Nutrient Film Technique, continued

This is page 12 of our twelve page series on nutrient film technique.  Click any of the below pages to jump to that page.

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Another variation on the nutrient film technique theme, this time with horizontally oriented channels stacked on a narrow A-frame.  This allows a much higher density of plants to be grown per square foot of growing space.  Since many greenhouses have quite a bit of vertical space, this is a very potent way to get as much production out of that protected environment as possible.  Photo courtesy of

More Information about Nutrient Film Technique

Nutrient film technique systems are extremely common in both research and commercial applications; as such there is a tremendous amount of published information about these systems.   Here are only a few:

The University of Florida has a wonderful 39 page PDF devoted to various aspects of nutrient film technique systems.  This particular PDF is heavy on the pictures, and a tad skinny on text for my tastes.  But it gives a wonderful overview of the various system options, examples of particular pieces of equipment, photos of crops in different stages, photos of different growing media and short descriptions of individual crops which are commonly grown in NFT.   That PDF can be downloaded for free here:

While nutrient film technique does offer many advantages, the channels offer an almost ideal environment for some root diseases to flourish.  Many sources of information skip over this topic, but the folks at New Zealand’s Greenhouse Vegetable Information website dive into detail on this particular topic.  One of the few sites I’ve ever found which addresses diseases specific to the NFT system, and how to deal with them.  That site can be viewed at  Growers should be advised that some chemical treatments which are advocated in other countries may not be legal in the US, so verify chemical treatment legal issues prior to application.

This research paper looked at using two different hydroponic systems, namely drip irrigation and nutrient film technique, in a unique vertical growing system.  Normally NFT is a specifically horizontal system with plants laid out in horizontally oriented channels.  That takes up a lot of area.  For those growers who are interested in this technique and want to “grow up”, this research paper talks about the details of how to do exactly that, with a variety of crops.  Intriguing idea.  The research paper appears to be the work of a graduate level student and was conducted at California’s Polytechnic State University (CalPoly) in San Luis Obispo.  The document is in PDF format and can be read and/or downloaded from here:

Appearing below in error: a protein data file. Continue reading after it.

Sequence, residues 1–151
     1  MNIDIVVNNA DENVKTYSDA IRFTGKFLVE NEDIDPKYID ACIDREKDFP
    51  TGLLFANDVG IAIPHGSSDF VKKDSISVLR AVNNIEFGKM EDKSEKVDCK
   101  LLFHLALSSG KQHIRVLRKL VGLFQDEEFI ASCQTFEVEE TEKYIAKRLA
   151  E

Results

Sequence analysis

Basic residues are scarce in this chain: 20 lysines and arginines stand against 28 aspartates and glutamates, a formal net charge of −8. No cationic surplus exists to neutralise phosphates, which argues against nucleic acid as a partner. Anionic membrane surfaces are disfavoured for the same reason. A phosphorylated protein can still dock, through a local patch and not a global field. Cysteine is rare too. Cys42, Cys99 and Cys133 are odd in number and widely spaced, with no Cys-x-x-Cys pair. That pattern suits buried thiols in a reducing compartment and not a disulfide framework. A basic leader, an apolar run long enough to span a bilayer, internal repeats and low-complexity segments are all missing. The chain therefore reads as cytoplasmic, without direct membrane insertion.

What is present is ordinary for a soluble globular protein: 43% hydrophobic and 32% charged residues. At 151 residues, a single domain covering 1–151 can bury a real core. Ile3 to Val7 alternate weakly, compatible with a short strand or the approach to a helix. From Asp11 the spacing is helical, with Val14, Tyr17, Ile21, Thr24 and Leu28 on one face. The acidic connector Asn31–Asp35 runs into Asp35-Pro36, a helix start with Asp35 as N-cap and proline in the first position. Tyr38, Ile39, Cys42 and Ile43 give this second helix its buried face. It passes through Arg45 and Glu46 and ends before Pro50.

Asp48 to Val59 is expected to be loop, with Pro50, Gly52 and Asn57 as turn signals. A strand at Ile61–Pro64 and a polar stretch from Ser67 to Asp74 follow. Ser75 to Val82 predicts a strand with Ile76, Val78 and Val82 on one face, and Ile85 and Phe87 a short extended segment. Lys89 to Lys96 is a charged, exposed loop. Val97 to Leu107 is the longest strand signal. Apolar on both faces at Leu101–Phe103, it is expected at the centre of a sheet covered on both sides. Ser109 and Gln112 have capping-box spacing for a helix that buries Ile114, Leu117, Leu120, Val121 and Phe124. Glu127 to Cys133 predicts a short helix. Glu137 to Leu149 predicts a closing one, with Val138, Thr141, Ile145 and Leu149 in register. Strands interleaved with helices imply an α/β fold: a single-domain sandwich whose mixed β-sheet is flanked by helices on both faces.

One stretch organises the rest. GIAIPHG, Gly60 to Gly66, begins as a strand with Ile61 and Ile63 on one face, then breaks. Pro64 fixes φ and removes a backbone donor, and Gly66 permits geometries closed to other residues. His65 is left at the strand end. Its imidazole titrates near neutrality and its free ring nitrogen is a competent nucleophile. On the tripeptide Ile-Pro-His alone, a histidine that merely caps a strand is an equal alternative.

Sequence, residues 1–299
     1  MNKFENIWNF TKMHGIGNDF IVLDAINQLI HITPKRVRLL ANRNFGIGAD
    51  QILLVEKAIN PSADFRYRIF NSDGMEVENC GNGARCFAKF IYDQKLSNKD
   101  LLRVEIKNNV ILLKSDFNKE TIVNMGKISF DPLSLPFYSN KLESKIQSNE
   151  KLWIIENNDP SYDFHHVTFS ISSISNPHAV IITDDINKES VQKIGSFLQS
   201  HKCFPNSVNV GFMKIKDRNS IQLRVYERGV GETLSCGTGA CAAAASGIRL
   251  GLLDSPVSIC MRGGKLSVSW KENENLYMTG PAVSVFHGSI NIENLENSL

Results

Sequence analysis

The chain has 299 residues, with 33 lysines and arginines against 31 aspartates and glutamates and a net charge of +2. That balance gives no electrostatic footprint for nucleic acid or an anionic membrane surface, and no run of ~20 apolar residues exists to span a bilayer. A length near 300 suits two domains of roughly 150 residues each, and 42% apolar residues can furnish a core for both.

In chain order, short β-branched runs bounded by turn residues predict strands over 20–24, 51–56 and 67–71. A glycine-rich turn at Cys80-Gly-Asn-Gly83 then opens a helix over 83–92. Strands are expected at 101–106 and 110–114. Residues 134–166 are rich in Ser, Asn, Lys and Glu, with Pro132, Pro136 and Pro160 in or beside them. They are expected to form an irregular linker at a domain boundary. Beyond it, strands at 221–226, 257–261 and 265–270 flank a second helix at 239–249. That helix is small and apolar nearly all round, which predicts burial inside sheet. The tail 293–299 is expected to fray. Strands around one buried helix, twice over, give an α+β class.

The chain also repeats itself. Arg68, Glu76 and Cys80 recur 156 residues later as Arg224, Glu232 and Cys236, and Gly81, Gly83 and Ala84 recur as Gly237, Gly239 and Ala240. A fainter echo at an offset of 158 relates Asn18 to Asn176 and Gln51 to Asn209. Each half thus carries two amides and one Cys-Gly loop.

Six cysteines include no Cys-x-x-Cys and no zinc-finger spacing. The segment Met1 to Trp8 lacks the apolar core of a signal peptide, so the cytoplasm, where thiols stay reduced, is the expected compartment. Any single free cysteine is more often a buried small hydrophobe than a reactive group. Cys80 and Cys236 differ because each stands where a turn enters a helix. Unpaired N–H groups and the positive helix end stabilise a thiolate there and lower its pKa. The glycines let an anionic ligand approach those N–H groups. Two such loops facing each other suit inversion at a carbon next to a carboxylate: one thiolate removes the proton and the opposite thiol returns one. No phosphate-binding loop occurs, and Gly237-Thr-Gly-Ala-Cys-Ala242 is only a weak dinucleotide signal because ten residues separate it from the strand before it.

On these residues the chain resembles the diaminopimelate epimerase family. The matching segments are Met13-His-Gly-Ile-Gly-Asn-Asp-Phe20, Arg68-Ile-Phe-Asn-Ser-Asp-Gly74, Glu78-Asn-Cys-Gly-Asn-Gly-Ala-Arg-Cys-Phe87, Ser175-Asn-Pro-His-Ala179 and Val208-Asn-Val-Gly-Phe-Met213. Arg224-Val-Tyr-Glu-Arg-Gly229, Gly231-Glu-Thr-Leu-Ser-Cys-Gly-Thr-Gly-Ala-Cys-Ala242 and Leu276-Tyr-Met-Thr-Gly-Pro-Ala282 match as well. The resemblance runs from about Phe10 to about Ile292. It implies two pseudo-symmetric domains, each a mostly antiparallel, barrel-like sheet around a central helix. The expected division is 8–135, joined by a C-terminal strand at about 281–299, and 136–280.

One of the world’s NFT experts, Dr. Lynette Morgan, wrote a book specifically about NFT production of lettuce in 1996.  The University of Vermont received permission to post a three page synopsis of this book on its website, and make it available as a free PDF download.  That document is available here:  For readers who are interested in more information from Dr. Morgan, her original book is still regarded as one of the go-to sources for NFT lettuce production.  That book is available for purchase from multiple sources, including our very own bookstore here.  

Crop King is a major provider of commercial NFT systems, supplies and equipment.  They have an entire section of their website devoted to this system and the related components.  Keep in mind that this is a commercial website and their primary goal is to sell you something.  However, they do offer a very good look at the “latest and greatest” in terms of NFT equipment and supplies.  If you’re shopping for an NFT system or related components, this would be a good place to at least review some options.

The above sources give a variety of different in-depth looks into different aspects of NFT production.  As we become aware of more sources, we’ll post them here.


This is the end of our twelve-page series on NFT systems.  We hope that you have learned a great deal about this powerful and flexible hydroponics system.  If you have any questions, and/or would like to make suggestions about the materials that we've covered here, please Contact Us.  We'd love to hear from you!


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